Fabíola Ortiz interviews MYCLE SCHNEIDER, nuclear energy consultant
– It has been three years since the nuclear accident in Fukushima, Japan. But the consequences are still ongoing due to continuous leaks of radioactivity into the environment, says independent nuclear energy consultant Mycle Schneider.
In 1997 Schneider won the Right Livelihood Award, considered the Alternative Nobel Prize, for alerting the world about the risks posed by the use of plutonium. He was appointed a member of the International Panel on Fissile Materials (IPFM), based at Princeton University, in 2007.
According to the scientist, the trend nowadays is towards fewer and fewer nuclear power plants operating worldwide. Instead of a renaissance, he says, the world is facing a decline in the use of this source of energy.
In this interview with IPS, Schneider also commented on the initiative Brazil and Argentina are developing as part of their mutual cooperation in the field of nuclear energy. In his opinion, it has the potential to be adapted in critical regions like the Middle East.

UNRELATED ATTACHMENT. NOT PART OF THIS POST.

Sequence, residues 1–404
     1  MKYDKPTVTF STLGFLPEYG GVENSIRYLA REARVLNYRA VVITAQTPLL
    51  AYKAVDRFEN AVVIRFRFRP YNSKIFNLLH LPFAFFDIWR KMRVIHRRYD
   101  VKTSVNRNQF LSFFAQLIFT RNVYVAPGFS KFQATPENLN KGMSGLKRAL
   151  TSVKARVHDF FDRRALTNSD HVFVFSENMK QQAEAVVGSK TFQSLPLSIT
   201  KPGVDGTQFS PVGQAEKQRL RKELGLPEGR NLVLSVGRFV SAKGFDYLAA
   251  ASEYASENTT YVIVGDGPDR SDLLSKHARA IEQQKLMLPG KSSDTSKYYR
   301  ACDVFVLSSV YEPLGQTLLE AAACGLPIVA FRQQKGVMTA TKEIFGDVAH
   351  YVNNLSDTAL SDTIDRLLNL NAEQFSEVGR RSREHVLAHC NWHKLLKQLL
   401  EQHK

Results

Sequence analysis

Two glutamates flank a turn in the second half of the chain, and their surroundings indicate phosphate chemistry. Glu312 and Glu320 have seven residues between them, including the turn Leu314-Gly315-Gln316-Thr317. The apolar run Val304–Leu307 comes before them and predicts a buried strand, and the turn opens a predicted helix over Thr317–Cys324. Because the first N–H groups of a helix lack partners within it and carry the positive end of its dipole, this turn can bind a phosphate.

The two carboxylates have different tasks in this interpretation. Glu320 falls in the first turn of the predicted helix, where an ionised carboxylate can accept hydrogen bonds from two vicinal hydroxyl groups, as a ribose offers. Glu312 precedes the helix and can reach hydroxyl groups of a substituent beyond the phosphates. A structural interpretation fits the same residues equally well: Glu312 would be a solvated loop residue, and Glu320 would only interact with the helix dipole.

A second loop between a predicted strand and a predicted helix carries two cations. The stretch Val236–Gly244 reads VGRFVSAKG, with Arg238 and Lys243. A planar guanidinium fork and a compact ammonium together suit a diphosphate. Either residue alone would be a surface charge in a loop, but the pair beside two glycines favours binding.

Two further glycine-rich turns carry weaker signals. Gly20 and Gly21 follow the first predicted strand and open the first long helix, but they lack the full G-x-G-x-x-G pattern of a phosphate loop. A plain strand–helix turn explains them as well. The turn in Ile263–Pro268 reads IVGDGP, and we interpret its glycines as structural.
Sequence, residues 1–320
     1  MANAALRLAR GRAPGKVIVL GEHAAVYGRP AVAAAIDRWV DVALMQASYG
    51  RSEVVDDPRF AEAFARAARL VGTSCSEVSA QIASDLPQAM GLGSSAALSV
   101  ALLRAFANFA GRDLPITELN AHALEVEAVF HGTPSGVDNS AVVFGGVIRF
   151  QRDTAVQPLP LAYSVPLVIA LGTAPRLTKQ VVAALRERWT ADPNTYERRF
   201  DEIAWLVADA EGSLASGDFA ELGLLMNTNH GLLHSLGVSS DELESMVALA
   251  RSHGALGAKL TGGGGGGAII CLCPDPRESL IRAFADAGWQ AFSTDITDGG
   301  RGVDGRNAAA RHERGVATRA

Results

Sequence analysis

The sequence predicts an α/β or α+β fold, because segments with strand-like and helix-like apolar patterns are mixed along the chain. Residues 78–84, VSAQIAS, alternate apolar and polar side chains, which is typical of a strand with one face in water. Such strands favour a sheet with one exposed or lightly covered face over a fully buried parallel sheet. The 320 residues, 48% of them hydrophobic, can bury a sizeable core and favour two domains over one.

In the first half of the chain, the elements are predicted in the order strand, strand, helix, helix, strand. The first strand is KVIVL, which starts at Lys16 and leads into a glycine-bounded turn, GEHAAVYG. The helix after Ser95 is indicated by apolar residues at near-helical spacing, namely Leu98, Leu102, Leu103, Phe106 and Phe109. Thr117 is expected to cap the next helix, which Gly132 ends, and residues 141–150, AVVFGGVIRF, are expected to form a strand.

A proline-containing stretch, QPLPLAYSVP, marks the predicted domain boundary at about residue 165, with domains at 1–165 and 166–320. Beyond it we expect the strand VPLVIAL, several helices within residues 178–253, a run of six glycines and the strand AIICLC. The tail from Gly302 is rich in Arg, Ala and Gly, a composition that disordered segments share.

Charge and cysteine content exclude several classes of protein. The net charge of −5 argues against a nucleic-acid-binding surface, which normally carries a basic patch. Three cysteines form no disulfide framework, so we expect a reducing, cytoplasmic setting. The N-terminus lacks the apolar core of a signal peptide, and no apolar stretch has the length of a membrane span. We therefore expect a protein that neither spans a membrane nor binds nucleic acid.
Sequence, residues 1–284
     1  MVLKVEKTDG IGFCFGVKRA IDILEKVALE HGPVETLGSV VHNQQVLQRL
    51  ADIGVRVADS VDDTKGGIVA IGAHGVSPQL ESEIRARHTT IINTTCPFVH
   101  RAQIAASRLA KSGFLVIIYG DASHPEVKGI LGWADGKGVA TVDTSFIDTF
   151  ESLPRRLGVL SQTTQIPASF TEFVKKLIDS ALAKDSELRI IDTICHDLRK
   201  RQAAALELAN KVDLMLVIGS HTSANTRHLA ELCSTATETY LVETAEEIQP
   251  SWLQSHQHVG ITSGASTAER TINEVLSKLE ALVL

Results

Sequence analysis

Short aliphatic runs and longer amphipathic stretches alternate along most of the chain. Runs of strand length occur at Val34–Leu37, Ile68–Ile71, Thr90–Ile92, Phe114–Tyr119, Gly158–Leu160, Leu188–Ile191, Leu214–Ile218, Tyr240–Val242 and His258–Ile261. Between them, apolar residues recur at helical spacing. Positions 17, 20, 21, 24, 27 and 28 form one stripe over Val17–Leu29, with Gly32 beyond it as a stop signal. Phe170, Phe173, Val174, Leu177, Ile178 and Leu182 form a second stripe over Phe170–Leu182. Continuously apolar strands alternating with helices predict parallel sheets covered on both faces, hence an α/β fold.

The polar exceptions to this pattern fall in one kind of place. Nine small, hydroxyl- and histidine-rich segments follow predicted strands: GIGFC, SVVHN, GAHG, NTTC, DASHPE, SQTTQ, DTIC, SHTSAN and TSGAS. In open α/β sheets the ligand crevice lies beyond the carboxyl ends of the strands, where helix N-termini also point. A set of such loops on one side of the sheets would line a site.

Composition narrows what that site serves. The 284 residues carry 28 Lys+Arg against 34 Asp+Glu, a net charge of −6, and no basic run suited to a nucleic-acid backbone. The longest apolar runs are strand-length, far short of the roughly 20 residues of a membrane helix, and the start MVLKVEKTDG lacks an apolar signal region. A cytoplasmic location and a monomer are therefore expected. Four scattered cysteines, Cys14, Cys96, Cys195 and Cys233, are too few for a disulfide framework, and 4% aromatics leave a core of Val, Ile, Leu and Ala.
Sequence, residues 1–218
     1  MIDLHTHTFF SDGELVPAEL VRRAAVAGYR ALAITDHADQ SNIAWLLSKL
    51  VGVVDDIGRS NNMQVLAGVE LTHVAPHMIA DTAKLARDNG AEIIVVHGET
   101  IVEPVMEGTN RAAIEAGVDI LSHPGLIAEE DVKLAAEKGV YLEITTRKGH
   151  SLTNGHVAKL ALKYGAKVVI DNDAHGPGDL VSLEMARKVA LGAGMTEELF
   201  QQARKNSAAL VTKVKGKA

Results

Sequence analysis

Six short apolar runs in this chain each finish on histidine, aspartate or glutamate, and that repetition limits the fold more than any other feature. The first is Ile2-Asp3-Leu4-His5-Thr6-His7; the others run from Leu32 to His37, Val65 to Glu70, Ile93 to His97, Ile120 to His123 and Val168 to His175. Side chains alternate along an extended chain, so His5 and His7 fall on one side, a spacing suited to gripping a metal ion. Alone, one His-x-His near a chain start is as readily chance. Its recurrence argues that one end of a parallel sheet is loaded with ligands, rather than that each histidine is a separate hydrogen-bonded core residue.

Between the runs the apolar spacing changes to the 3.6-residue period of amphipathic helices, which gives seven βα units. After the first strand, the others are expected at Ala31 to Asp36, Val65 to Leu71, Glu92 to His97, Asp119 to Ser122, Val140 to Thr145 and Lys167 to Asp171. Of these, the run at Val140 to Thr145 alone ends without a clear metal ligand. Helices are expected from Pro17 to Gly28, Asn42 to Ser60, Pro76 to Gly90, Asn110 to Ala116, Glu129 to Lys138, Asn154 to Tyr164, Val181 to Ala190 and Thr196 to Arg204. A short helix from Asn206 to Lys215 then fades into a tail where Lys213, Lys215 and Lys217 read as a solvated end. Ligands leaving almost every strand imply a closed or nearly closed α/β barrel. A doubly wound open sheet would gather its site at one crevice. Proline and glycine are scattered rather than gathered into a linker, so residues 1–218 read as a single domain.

Q: What did Fukushima represent regarding the safety of nuclear plants?
A: People think Fukushima was the worst case, but it was not. It can become much worse, it is not over. This accident is ongoing, it has been for three years. There are continuous leaks of radioactivity in the environment because the radioactive inventory is not stabilised.
It’s an unprecedented event in complexity, in size and in consequences. The biggest problem is that the methodology chosen by Tepco [the utility that operated the plant that melted down during the Mar. 11, 2011 earthquake and tsunami] and the Japanese government appears inappropriate. We see that after three years the situation is very far from being stabilised.
The amount of radioactivity that has gone into water that was leaked into the basements is estimated to be roughly three times the amount of radioactivity released during the  Chernobyl accident. This issue is vastly underestimated.
Read more at Q&A: “Fukushima Accident Still Ongoing After Three Years”